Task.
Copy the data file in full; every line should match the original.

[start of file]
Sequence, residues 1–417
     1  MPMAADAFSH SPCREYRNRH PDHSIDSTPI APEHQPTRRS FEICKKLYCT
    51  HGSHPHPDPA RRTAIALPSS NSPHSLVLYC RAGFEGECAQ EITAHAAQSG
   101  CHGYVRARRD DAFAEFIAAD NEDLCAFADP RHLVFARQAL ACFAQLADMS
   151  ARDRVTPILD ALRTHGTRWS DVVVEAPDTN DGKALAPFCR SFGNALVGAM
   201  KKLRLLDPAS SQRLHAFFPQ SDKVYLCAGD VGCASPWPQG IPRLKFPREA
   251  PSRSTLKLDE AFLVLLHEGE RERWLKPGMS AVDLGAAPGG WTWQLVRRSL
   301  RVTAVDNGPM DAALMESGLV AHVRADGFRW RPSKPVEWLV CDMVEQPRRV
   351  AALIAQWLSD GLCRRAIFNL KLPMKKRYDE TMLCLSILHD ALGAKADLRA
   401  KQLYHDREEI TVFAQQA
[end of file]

Sequence, residues 1–417
     1  MPMAADAFSH SPCREYRNRH PDHSIDSTPI APEHQPTRRS FEICKKLYCT
    51  HGSHPHPDPA RRTAIALPSS NSPHSLVLYC RAGFEGECAQ EITAHAAQSG
   101  CHGYVRARRD DAFAEFIAAD NEDLCAFADP RHLVFARQAL ACFAQLADMS
   151  ARDRVTPILD ALRTHGTRWS DVVVEAPDTN DGKALAPFCR SFGNALVGAM
   201  KKLRLLDPAS SQRLHAFFPQ SDKVYLCAGD VGCASPWPQG IPRLKFPREA
   251  PSRSTLKLDE AFLVLLHEGE RERWLKPGMS AVDLGAAPGG WTWQLVRRSL
   301  RVTAVDNGPM DAALMESGLV AHVRADGFRW RPSKPVEWLV CDMVEQPRRV
   351  AALIAQWLSD GLCRRAIFNL KLPMKKRYDE TMLCLSILHD ALGAKADLRA
   401  KQLYHDREEI TVFAQQA